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Candle in the 'win': Sprigg faults Reinhardt for using Marilyn, et al.

by Jeremy Hooper

On page 38 and 39 of the Ninth Circuit's 100+ page majority opinion, Judge Reinhardt included this snippet about the word "marriage" and its connotation in our culture:

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[READ: The Ninth Circuit's Prop 8 Opinion]

The goal of this one relatively small section of a very long opinion should be obvious. Conservatives are forcing us to debate the meaning of marriage. This debate takes on a new angle in a state like California, where many of the rights are already granted to same-sex couples under a separate system, yet the word is itself denied. It is more than understandable for a judge to look to the culture and opine on the hows and whys of this term itself.

But leave it to Peter "let's export/criminalize the gays" Sprigg to turn this into an easy point of attack:

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Peter's goal, obviously, is to make Judge Reinhardt -- and the majority opinion, by extension -- seem trivial, unfocused, and even childish. But in doing so, it's actually Peter who is acting like the anti-intellect.

Let's think about what we hear from the "values" crowd. They are always throwing around phrases like "Words have meaning" and "Gays want to redefine the word marriage." So if that is their stance, that this particular word has some sort of particular impact in our culture, then a judge should absolutely look at the word and its real world applications. The other side has forced that issue.

Peter seems to take exception with the judge's usage of figures like Sinatra and Monroe. But wait a second -- isn't this the same Peter Sprigg who, along with his host organization, is forever forcing us to see these issues through characters with names like Jesus, Paul, Adam, and Eve? Why is that okay, yet a judge, in his attempt to examine civil marriage and its meaning in our tangible world, is somehow flighty for turning to relatable names and properties? Religion is uncommon to many Americans, but few could deny that Lincoln and Shakespeare are common to our shared culture.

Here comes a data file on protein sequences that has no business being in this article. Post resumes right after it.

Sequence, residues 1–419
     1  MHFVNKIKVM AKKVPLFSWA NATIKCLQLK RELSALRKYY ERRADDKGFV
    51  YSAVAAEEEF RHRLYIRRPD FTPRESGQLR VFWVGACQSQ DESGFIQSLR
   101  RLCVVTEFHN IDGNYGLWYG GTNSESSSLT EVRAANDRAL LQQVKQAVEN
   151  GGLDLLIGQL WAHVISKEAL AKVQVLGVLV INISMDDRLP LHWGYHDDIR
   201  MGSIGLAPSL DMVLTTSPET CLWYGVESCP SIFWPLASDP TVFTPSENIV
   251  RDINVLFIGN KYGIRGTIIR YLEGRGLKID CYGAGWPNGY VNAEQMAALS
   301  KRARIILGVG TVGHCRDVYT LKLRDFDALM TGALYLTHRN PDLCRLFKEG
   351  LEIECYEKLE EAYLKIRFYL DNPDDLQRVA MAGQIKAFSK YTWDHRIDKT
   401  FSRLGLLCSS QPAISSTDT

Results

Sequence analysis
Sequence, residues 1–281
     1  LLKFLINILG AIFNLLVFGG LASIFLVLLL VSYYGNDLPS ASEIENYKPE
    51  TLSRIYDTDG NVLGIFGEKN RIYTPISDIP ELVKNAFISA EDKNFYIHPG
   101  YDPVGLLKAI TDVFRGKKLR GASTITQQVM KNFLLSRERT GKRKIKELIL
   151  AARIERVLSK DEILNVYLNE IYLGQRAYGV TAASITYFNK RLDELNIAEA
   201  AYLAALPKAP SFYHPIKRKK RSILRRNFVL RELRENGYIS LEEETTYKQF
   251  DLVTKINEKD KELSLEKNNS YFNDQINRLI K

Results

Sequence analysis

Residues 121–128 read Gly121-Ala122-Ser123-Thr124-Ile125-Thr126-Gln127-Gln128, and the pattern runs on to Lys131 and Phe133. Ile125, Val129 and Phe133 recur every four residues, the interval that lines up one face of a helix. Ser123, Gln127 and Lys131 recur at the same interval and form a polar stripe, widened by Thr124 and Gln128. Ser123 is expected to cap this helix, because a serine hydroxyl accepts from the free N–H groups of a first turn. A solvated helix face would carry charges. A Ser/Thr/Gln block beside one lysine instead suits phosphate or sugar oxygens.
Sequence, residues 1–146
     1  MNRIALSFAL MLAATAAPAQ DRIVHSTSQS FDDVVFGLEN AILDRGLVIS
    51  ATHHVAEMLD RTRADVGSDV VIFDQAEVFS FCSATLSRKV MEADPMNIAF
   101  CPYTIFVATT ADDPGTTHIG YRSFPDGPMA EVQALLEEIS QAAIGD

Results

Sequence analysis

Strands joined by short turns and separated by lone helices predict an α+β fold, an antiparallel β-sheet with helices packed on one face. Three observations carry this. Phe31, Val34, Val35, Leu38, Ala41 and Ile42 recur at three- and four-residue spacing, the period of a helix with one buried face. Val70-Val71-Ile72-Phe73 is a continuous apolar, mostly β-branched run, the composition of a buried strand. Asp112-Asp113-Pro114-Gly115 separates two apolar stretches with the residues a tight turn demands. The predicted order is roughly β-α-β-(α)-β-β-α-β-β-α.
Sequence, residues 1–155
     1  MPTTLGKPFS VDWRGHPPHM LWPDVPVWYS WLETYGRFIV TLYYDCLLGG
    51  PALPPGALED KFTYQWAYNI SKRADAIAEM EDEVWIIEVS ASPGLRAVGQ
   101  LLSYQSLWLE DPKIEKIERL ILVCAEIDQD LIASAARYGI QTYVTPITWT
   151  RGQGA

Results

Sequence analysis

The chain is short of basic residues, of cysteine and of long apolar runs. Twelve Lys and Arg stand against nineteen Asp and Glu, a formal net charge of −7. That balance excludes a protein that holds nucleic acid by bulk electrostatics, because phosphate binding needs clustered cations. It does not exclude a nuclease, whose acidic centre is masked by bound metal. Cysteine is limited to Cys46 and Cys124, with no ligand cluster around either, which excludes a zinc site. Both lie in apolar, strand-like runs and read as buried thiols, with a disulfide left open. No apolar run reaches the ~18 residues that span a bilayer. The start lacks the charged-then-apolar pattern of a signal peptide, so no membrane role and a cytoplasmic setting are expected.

And then there's the overall idea that Reinhardt used this 1.5 page chunk as some strong area of support for the overall findings. Again, this opinion was over 100 pages. There are lots and lots of words written on these pages. This is but one small area meant to speak to one very specific area. It's ridiculous to isolate this small chunk.

But it's ridiculousness that speaks to Peter's generalized agenda. He and movement are in a state of deep desperation and are looking for any way they can needle at us. Since legal documents are not like their own in-house press releases, they have to rely on something other than the fearful, fallacious talking point machine that butters their bread (it's multi-purpose, that machine). In this case, Peter thinks he's found an anti-intellectual "in." He's all like, "Look -- they have nothing better than a comedian, a crooner, and a JFK birthday singer, those sillyheads!" And while these tweets are very small in the grand scheme of this "culture war," they do offer a tiny glimpse into what I think will be a growing trend, where the far-right works overtime to up their own scholarly heft (see NOM's new chairman, conservative lawyer John Eastman) while reducing and minimizing ours. Or trying to, at least.

The opposition will do this precisely because we are winning. Because we are successful. Because they are envious.

Success makes so many people hate you. I wish it wasn't that way. It would be wonderful to enjoy success without seeing envy in the eyes of those around you.
― Marilyn Monroe
"The best revenge is massive success."
― Frank Sinatra
"Things done well and with care exempt themselves from fear."
- William Shakespeare

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